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Wolf family at heart of Oregon environmental litigation

| Jun 20, 2014 | Civil Litigation |

The first family of wolves to live in Oregon in approximately 70 years are at the heart of a civil lawsuit that was filed by Oregon Wild. The conservation group is concerned about the effect that logging in the area near where the wolf is raising her pups will have a negative effect on the family.

In Oregon, the wolf is protected by state laws. They are also still classified as endangered in western Oregon, despite the endangered label being lifted in other areas of the country.

The wolf at the heart of this lawsuit is raising her pups near an area in the Rogue River-Siskiyou National Forest in the Cascade Range, which is where there is a large logging project going on. People who are in the timber industry say that logging in the area won’t harm the wolf population. Instead, they say that by logging, the risk of wildfires will be reduced. They also say that the food available for elk and deer will more plentiful after the logging, which will benefit the wolves.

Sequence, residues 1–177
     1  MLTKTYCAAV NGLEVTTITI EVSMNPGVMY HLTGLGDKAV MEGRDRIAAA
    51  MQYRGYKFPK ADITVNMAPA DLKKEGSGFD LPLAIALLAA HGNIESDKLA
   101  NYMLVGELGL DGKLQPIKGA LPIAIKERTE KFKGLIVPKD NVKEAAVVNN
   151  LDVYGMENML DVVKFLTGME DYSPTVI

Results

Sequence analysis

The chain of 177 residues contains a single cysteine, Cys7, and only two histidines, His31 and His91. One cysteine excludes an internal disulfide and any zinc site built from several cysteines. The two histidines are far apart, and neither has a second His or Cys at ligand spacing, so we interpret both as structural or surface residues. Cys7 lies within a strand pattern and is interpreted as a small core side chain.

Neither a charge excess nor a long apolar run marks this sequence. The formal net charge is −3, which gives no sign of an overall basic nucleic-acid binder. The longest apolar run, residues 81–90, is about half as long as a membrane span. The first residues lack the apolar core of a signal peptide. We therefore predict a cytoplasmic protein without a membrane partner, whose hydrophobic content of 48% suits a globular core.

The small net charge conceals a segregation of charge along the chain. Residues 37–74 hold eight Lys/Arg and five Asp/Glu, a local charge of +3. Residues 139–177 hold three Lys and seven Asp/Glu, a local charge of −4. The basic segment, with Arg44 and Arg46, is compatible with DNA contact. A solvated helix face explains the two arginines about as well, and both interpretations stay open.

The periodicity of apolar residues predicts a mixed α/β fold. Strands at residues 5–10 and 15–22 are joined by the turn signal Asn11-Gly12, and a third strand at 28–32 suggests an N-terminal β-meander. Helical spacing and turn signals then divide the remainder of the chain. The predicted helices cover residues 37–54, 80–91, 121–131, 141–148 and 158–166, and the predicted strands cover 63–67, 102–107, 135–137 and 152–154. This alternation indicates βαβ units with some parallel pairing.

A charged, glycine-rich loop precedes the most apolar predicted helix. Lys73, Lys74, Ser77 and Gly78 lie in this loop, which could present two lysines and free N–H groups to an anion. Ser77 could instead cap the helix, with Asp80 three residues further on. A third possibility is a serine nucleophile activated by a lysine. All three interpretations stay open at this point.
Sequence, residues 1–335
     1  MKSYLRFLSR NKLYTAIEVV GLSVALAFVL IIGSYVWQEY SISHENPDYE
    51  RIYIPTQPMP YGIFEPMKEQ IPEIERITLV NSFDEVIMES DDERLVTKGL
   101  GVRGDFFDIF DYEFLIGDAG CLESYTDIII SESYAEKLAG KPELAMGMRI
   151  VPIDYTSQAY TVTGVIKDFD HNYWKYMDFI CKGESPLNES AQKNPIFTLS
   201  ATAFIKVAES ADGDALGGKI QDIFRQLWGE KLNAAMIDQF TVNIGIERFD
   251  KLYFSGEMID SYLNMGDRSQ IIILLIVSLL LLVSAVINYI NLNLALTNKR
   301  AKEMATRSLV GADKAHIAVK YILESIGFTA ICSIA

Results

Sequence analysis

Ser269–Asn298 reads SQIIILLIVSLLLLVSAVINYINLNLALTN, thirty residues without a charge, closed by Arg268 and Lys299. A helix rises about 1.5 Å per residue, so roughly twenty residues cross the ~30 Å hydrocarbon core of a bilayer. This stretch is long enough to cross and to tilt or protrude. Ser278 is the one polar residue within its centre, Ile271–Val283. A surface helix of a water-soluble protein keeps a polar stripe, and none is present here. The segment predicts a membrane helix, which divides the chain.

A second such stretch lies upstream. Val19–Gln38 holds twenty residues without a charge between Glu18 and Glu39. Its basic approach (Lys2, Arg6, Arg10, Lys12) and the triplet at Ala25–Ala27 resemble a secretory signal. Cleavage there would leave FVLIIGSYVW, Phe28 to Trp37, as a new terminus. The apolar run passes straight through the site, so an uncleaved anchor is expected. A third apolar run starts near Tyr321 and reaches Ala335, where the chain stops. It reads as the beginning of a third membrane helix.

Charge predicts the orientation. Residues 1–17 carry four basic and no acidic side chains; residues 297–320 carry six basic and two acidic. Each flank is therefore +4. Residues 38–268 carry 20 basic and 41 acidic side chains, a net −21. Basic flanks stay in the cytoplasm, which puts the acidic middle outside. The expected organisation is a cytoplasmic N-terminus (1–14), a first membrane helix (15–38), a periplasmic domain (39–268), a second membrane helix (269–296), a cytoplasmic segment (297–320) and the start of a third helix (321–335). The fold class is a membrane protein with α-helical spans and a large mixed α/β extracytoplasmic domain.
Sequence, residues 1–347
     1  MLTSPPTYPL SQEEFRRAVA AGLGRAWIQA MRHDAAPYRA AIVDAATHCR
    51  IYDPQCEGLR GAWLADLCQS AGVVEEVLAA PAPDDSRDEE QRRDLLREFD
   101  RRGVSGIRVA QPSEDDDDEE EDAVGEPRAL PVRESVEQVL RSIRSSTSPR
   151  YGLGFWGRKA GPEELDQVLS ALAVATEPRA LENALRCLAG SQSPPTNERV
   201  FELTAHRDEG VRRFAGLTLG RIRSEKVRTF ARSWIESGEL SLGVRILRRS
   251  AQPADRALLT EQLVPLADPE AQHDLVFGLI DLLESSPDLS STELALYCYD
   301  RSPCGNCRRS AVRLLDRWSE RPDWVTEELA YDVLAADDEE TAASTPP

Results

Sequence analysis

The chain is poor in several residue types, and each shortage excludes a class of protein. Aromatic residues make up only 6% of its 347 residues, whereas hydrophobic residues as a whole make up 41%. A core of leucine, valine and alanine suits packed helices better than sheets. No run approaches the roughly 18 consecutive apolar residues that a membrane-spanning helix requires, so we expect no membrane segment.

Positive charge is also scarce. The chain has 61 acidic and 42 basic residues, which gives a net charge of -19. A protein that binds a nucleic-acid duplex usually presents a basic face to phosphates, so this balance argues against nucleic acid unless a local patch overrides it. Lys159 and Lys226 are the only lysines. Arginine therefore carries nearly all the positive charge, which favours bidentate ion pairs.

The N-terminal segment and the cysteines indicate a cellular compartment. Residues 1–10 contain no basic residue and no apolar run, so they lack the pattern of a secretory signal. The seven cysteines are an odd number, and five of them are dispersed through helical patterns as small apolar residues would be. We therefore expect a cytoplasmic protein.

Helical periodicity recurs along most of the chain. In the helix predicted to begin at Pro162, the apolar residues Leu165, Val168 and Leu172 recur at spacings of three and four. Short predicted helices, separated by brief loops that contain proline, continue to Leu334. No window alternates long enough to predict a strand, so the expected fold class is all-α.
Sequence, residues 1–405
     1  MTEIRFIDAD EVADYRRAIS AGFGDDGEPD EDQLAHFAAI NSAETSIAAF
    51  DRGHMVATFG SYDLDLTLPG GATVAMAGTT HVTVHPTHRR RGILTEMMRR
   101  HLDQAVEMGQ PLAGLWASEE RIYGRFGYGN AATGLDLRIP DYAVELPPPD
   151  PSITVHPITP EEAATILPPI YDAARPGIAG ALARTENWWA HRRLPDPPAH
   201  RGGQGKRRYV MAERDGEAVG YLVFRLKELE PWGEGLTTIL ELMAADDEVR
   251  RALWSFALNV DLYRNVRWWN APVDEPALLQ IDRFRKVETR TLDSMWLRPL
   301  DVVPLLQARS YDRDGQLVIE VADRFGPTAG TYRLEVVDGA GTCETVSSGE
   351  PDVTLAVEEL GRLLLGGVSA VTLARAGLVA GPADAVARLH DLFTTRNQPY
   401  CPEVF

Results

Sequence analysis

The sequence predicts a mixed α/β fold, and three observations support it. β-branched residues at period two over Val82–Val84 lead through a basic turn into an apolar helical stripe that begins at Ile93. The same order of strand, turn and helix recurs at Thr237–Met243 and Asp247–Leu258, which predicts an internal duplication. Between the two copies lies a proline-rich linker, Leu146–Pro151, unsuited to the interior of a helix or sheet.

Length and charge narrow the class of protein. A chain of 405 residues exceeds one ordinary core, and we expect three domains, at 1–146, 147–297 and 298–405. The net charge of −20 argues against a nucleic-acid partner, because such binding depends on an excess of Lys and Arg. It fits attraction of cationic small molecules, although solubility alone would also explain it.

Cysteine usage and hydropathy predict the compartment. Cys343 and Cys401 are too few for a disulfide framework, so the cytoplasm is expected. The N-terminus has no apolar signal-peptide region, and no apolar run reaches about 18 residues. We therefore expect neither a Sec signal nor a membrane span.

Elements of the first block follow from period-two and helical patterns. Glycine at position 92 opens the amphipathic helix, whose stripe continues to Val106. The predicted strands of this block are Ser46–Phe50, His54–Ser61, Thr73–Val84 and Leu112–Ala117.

Opponents of the logging project are concerned that the logging will harm the wolf habitat, as well as the wilderness and the spotted owls. Oregon Wild has asked the judge presiding over the environmental litigation case to closely look at how the logging is affecting the area.

It is important for humans to watch out for the rights of wild animals. This case sheds light on the fact that the wolf population might be negatively affected by the logging industry. It is important that Oregon Wild understand how to protect the rights of the wolf family as they go through the court proceedings.

Source: StarTribune, “Lawsuit: Timber sale threatens den where Oregon’s wandering wolf has settled to raise pups” Jeff Barnard, Jun. 19, 2014